Asian American Pacific Islander Heritage Month was signed into law in 1978. Over the years, the recognition of the AAPI community has grown and evolved with over 24 million people in the United States falling under this umbrella.
Celebrating other cultures helps to foster a sense of community, respect, and open-mindedness for other cultures. When you take part in other people’s heritage celebrations you are able to celebrate differences in a positive way. This also helps to understand other people’s perspectives and educate yourself at the same time.
Below are 5 ways you can celebrate AAPI Heritage Month.
Support AAPI Groups on Social Media
Show your support on social media by liking, sharing, donating, and following accounts that support AAPI efforts. Below are a just a few accounts to follow:
- Asian American Alliance, Inc. on Facebook
Through this non-profit, you can learn more about the diverse cultures of Asia and Asian Americans in Indiana.
- Asian Arts Initiative on Instagram
This initiative is building community through art, located in the heart of Philly.
- Asian Pacific Fund on Twitter
This community-based foundation is dedicated to strengthening the Bay Area’s Asian and Pacific Islander communities through philanthropy.
Watch an AAPI-Focused Documentary
If you love watching documentaries, then why not add a few documentaries created by AAPI filmmakers? Here is a list!
- Call her Ganda
Call Her Ganda follows the brutal murder case of Filipino transgender woman by a U.S. Marine, and the obstacles faced in the pursuit of justice. Available on Amazon and iTunes.
- The Claudia Kishi Club
In this film, Asian American creatives pay passionate tribute to the iconic, stereotype-busting “Baby-Sitters Club” character in a heartfelt documentary short. Available on Netflix.
- Bad Rap
Bad Rap follows four independent Korean American rappers, all in different stages in their career, navigating the music industry and working on getting mainstream. Featuring Awkwafina, available on Hulu.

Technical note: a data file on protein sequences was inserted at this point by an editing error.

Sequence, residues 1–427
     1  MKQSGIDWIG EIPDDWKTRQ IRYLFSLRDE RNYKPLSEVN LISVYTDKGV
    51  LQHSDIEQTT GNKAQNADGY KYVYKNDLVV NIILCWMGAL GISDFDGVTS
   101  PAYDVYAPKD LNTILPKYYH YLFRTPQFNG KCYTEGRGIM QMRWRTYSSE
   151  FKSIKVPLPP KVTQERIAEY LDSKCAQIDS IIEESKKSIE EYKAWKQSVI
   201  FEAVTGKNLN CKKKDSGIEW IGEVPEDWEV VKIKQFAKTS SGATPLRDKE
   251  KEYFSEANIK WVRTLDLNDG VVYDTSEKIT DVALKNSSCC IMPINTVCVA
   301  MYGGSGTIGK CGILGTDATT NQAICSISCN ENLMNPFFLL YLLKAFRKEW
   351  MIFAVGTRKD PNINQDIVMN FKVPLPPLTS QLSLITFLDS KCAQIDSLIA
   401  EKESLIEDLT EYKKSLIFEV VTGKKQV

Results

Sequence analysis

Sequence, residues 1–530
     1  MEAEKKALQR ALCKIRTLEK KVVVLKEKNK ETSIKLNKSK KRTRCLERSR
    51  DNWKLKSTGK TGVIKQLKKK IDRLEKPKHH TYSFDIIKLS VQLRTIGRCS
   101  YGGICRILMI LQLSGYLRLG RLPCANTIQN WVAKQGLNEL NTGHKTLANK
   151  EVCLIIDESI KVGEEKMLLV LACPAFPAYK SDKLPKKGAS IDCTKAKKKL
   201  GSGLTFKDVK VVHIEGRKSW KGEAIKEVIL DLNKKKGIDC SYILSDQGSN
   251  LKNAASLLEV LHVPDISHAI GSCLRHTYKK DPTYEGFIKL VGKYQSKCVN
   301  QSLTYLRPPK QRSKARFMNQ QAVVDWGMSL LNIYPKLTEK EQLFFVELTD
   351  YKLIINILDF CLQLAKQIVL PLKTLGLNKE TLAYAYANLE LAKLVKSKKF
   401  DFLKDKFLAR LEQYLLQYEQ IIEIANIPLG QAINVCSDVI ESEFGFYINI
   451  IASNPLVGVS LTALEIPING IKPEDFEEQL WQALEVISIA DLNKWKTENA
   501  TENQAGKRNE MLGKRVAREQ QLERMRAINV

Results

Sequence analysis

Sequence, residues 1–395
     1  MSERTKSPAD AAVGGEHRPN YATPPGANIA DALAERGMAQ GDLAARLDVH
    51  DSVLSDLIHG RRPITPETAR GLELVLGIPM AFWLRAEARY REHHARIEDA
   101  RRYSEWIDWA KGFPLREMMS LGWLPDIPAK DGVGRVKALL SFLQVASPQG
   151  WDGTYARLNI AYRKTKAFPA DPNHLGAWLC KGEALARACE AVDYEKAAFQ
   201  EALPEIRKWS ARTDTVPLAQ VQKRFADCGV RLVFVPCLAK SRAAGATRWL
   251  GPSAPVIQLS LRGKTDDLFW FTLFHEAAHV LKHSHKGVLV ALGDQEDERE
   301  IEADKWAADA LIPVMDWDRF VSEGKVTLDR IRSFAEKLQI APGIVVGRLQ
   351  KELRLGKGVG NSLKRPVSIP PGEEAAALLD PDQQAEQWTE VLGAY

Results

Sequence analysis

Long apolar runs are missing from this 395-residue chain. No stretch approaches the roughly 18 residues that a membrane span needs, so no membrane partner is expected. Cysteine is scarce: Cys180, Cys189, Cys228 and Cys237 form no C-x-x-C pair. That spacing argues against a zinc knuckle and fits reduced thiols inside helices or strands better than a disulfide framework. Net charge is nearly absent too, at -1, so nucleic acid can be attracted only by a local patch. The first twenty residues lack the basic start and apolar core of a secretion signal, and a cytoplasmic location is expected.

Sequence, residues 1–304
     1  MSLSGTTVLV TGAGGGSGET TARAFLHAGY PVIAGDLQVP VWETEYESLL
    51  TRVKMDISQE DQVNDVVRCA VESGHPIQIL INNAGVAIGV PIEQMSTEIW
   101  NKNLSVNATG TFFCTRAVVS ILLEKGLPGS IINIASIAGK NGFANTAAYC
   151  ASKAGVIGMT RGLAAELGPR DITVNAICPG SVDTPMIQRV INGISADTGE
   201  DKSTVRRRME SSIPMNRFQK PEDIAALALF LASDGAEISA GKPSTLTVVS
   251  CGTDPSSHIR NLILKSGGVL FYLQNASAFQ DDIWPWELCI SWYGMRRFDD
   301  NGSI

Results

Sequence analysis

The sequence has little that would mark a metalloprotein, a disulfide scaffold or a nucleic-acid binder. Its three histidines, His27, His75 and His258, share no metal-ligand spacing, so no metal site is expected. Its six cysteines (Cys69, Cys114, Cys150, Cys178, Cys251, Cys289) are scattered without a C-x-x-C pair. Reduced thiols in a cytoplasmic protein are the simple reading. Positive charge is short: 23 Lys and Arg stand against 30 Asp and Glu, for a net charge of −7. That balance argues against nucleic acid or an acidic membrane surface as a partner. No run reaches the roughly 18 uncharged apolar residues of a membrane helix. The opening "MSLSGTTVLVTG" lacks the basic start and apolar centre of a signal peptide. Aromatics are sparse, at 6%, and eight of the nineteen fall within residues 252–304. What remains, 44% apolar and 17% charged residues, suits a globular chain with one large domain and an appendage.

Listen to a Podcast
Podcasts are such an amazing way to educate yourself on all matters including AAPI heritage month. Try giving a few of the suggested podcasts a listen:
- Mx. Asian American
Karen Zheng hosts and invites other Asian Americans to discuss issues relating to the community and covers everything from mental illness, career aspirations, racism to food, love languages, and pop culture.
- Politically Asian
Politically Asian features Aaron Yin and Gerrie Lim as they discuss current topics and events related to Asian Americans through the lenses of history, class, and advocacy.
- Asian American History 101
Join daughter and father Gen and Ted Lai, for a podcast that will entertain and educate as they dive into the vast history of Asian Pacific Americans, from their contributions to their struggles to their triumphs.
- Asian Boss Girl
Hosted by three young Asian women, Asian Boss Girl is a podcast that shares their experiences and explores topics as 20/30 something Asian American women working, dating and living in Los Angeles.
Crack open an AAPI-Authored Book
The following books recount very personal stories that are experienced, in some way or another, by every Asian American.
- Minor Feelings: An Asian American Reckoning by Cathy Park Hong
Cathy Park Hong utilizes her own story as a vessel for a deeper examination of racial consciousness in America today. This book examines shame and depression, poetry and artmaking in a search to both uncover and speak the truth.
- Everything I Never Told You by Celeste Ng
An exquisite novel about a Chinese American family living in 1970s small-town Ohio. The story is profoundly moving and a gripping page-turner.
- The Joy Luck Club by Amy Tan
This is a story that takes place in 1949 of four Chinese women that are recent immigrants to San Francisco. The tale unfolds of four mothers, four daughters, and four families, whose histories shift with the four winds depending on who’s telling the stories.
Visit an AAPI Museum
Check out the following museums – the second one is even a “digital” museum if you’re not located near any physical institutions!
Museum of Chinese in America (MOCA)
No, it’s not the Museum of Contemporary Art, but this MOCA, located in New York, engages audiences in a consistent dialogue where people of all backgrounds are able to see American history from a critical perspective and make meaningful connections.
Asian Pacific American Center
Using the tagline “A museum without walls,” the Asian Pacific American Center, established in 1997, is not a traditional museum with a public building, The Smithsonian APA is a migratory museum that brings history, art and culture to the public through innovative community-focused experiences.
Now is a great time to use this time and beyond to learn about other cultures outside of your own.